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Constitutionalising the end of history? Pitfalls of a non-regression principle for Article 2 TEU

Published online by Cambridge University Press:  07 February 2023

Julian Scholtes*
Lecturer in Public Law, University of Glasgow,


Enforcement and conceptualisation of Article 2 TEU values – Rule of law – A non-regression principle for EU values faces significant pitfalls – Limits of the ‘backsliding’ paradigm informing doctrinal developments under Article 2 TEU – Inadequacy of a progress/regression trajectory as a lens for constitutional developments – Complexity of Article 2 values threatens to render regression assessments simplistic – Non-regression and the equality of member states – Potential conflicts between non-regression and minimum standards as tests for Article 2 compliance

© The Author(s), 2023. Published by Cambridge University Press on behalf of the University of Amsterdam

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This article benefited from extensive discussion with many friends and colleagues – I would especially like to thank Marcin Barański, Francesco De Cecco, Michał Krajewski, Franca Feisel, Jaka Kukavica, and Luke Dimitrios Spieker for their comments on earlier drafts.


1 L.D. Spieker, ‘Breathing Life into the Union’s Common Values: On the Judicial Application of Article 2 TEU in the EU Value Crisis’, 20 German Law Journal (2019) p. 1182; A. Jakab and D. Kochenov (eds.), The Enforcement of EU Law and Values: Ensuring Member States’ Compliance (Oxford University Press 2017); K.L. Scheppele et al., ‘EU Values Are Law, after All: Enforcing EU Values through Systemic Infringement Actions by the European Commission and the Member states of the European Union’, 39 Yearbook of European Law (2020) p. 3.

2 ECJ 27 February 2018, Case C-64/16, Associação Sindical dos Juízes Portugueses, ECLI:EU:C:2018:117.

3 ECJ 16 February 2022, Case C-157/21, Poland v Parliament and Council, para. 145.

4 ECJ 20 April 2021, Case C-896/19, Repubblika v Il-Prim Ministru.

5 O. Mader, ‘Wege aus der Rechtsstaatsmisere: Der neue EU-Verfassungsgrundsatz des Rückschrittsverbots und seine Bedeutung für die Wertedurchsetzung’, Europäische Zeitschrift für Wirtschaftsrecht (2021) p. 917-922 and p. 974-978; M. Leloup et al., ‘Opening the Door to Solving the “Copenhagen Dilemma”? All Eyes on Repubblika v Il-Prim Ministru’, 46 European Law Review (2021) p. 692.

6 Leloup et. al., supra n. 5, p. 701.

7 A. Mungiu-Pippidi, ‘Is East-Central Europe Backsliding? EU Accession Is No “End of History”’, 18 Journal of Democracy (2007) p. 8.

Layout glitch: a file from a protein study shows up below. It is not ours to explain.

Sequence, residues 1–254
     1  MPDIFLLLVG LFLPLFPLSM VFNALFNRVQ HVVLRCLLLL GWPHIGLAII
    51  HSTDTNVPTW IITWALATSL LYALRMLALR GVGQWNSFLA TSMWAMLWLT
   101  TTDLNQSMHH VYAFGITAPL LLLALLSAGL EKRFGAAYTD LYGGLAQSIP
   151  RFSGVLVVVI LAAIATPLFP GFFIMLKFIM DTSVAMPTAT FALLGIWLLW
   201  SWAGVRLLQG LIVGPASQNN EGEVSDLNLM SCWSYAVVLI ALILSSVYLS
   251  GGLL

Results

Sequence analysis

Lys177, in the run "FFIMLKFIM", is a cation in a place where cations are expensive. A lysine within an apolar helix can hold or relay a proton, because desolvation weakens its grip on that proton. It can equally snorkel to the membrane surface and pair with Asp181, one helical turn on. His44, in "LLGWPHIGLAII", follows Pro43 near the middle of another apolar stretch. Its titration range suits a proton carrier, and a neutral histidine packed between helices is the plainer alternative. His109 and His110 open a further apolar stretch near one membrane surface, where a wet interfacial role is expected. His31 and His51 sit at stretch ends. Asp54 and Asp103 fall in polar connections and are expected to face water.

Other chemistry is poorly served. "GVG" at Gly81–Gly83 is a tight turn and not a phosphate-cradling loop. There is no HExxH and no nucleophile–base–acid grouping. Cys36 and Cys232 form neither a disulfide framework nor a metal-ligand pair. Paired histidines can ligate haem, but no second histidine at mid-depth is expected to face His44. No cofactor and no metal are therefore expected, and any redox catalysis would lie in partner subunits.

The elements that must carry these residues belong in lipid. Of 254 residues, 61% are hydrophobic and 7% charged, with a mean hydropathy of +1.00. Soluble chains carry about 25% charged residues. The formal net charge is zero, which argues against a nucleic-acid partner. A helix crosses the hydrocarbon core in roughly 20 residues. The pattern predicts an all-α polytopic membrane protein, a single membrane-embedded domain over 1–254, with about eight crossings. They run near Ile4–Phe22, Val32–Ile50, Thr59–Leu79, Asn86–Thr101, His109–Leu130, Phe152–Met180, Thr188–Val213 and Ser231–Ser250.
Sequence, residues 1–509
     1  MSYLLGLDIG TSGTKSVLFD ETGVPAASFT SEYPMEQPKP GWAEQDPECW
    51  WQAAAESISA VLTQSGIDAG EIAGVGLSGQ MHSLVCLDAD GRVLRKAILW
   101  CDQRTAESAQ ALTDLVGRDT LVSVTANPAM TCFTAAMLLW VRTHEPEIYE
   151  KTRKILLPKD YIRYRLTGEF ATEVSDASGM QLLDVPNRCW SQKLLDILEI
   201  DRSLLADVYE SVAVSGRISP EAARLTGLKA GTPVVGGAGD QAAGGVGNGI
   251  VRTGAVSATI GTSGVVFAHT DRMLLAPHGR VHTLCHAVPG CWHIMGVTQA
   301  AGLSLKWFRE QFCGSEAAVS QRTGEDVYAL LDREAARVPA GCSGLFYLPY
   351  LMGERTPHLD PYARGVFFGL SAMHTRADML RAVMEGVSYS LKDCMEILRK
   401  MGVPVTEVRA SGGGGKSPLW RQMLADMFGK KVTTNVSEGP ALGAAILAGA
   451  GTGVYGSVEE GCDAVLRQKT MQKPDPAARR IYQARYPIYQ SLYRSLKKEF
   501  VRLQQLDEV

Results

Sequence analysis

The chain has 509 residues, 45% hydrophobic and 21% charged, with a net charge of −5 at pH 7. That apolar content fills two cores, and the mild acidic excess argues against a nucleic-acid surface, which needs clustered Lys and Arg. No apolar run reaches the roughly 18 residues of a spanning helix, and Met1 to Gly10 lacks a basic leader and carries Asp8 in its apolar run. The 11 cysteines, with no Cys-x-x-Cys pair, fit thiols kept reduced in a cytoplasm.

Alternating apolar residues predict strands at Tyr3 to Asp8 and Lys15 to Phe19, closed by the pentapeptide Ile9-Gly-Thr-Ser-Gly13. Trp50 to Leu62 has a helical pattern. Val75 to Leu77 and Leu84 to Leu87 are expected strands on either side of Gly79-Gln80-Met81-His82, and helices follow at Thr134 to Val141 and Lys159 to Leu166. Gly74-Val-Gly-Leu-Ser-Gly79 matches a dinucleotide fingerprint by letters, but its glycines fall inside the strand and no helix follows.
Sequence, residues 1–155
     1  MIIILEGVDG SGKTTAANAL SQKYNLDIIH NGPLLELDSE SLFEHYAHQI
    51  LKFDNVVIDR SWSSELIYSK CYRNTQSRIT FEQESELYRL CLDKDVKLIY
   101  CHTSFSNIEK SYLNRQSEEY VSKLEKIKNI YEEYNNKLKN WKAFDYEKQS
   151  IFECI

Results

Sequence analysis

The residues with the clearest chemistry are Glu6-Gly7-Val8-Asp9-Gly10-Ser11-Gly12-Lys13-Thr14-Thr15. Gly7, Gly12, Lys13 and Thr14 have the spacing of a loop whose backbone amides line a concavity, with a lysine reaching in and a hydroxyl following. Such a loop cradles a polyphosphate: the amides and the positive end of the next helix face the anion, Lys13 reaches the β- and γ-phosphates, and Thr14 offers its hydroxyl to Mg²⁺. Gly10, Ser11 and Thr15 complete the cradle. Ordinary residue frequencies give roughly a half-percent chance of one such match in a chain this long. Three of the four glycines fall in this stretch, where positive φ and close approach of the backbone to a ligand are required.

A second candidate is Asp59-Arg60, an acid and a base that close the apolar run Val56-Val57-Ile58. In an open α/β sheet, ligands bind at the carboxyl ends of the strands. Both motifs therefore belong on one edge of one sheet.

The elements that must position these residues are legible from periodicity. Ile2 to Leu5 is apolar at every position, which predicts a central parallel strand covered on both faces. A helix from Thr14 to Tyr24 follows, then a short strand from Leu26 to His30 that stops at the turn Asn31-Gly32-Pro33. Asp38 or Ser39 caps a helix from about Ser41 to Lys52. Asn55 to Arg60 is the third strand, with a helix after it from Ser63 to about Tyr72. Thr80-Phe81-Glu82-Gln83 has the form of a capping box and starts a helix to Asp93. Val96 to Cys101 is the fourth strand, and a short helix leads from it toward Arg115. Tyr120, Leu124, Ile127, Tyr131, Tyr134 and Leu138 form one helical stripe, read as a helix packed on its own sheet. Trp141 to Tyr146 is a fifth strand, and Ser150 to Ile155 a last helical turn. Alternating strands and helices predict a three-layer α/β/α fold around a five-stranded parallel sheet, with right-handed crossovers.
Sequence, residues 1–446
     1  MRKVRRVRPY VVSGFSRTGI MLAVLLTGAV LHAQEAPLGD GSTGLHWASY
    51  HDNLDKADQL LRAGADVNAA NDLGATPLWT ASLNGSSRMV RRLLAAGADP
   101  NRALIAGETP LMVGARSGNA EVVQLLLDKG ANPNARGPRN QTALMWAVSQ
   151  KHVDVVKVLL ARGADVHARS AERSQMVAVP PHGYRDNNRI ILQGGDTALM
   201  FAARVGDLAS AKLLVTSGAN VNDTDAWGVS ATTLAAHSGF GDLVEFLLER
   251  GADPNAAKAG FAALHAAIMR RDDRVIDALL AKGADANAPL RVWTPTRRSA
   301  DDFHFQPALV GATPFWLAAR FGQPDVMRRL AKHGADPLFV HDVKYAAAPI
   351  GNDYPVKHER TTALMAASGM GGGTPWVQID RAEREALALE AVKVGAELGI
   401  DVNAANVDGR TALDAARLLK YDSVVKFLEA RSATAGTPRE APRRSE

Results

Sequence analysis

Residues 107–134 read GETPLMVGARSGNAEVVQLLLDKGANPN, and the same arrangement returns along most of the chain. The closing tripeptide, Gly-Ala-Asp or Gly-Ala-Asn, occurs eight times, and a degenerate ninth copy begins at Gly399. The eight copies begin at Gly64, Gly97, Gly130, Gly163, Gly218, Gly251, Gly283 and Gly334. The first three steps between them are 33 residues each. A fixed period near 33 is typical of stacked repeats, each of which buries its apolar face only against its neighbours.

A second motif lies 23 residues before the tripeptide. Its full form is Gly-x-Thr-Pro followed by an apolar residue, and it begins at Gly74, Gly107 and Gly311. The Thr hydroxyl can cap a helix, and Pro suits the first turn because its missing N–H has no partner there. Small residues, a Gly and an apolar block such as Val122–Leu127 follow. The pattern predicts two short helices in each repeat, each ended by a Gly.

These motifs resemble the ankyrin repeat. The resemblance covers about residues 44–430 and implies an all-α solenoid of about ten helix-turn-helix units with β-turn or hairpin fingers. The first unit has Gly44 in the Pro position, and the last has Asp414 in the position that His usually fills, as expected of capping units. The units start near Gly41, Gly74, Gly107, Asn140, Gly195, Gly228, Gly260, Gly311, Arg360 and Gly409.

8 Leloup et. al., supra n. 5; see also Mader, supra n. 5, p. 975.

9 Repubblika, supra n. 4.

10 Ibid., para. 10.

11 Ibid., para. 71.

12 ECJ 19 November 2019, Joined Cases C-585/18, C-624/18, and C-625/18, A.K., ECLI:EU:C:2019:982.

13 Ibid., para. 61.

14 See also Poland v Parliament and Council, supra n. 3, para. 144: ‘[C]ompliance with [Article 2 TEU] values cannot be reduced to an obligation which a candidate State must meet in order to accede to the European Union and which it may disregard after its accession’.

15 Repubblika, supra n. 4, para. 63.

16 Ibid., para. 64.

17 Ibid., para. 59.

18 Ibid., paras. 66–72.

19 ECJ 10 December 2018, Case C-621/18, Wightman, ECLI:EU:C:2018:999, para. 63.

20 ECJ 24 June 2019, Case C-619/18, Commission v Poland, ECLI:EU:C:2019:531, para. 42, ECJ 18 May 2021, Joined Cases C-83/19, C-127/19, C-195/19, C-291/19, C-355/19 and C-397/19, Asociaţia ‘Forumul Judecătorilor din România’, ECLI:EU:C:2021:393, para. 160, ECJ 21 December 2021, Case C-357/19, Euro Box Promotion, ECLI:EU:C:2021:1034, para. 160.

21 ECJ 18 December 2014, Opinion 2/13, ECLI:EU:C:2014:2454, para. 168.

22 See also R. Uitz, ‘The Rule of Law in the EU: Crisis – Differentiation – Conditionality’, BRIDGE Working Paper Series (2022) p. 15, ⟨⟩, visited 16 January 2023.

23 Repubblika, supra n. 4, para. 63.

24 ECJ 15 July 2021, Case C-791/19, Commission v Poland, ECLI:EU:C:2021:596.

25 Asociaţia ‘Forumul Judecătorilor din România’, supra n. 20, para. 162.

26 A.D. Mitchell and J. Munro, ‘No Retreat: An Emerging Principle of Non-Regression from Environmental Protections in International Investment Law’, 50 Georgetown Journal of International Law (2019) p. 85.

27 Comprehensive Economic and Trade Agreement (CETA), Art. 24.5. See also Art. 23.8.

28 EU–UK Trade and Cooperation Agreement, Art. 387 (on labour and social standards), Art. 391 (on environmental and climate standards).

29 Council Directive 1999/70/EC of 28 June 1999 concerning the framework agreement on fixed-term work concluded by ETUC, UNICE and CEEP. See also L. Corazza, ‘Hard Times for Hard Bans: Fixed-Term Work and So-Called Non-Regression Clauses in the Era of Flexicurity’, 17 European Law Journal (2011) p. 385.

30 B. Warwick, ‘Unwinding Retrogression: Examining the Practice of the Committee on Economic, Social and Cultural Rights’, 19 Human Rights Law Review (2019) p. 467.

31 EU–UK TCA, Art. 387, Art. 391.

32 See supra n. 27.

33 See also Art. 13.3(2) of the EU–Vietnam FTA; Art. 13.7(1) of the EU–Korea FTA; Art. 13.12 of the EU–Singapore FTA.

34 See supra n. 27.

35 M. Bronckers and G. Gruni, ‘Retooling the Sustainability Standards in EU Free Trade Agreements’, 24 Journal of International Economic Law (2021) p. 25 at p. 30.

36 See also P. Bárd et al., ‘Systemic Problems, Systemic Infringements: The Case of Hungary’ (Greens/EFA in the European Parliament 2022) Report p. 50,⟨⟩, visited 16 January 2023.

37 Without referring to Repubblika, Kostakopoulou has recently suggested a similarly maximalist ‘non-regression’ principle for the EU Charter of Fundamental Rights. See D. Kostakopoulou, ‘Justice, Individual Empowerment and the Principle of Non-Regression in the European Union’, 46 European Law Review (2021) p. 92.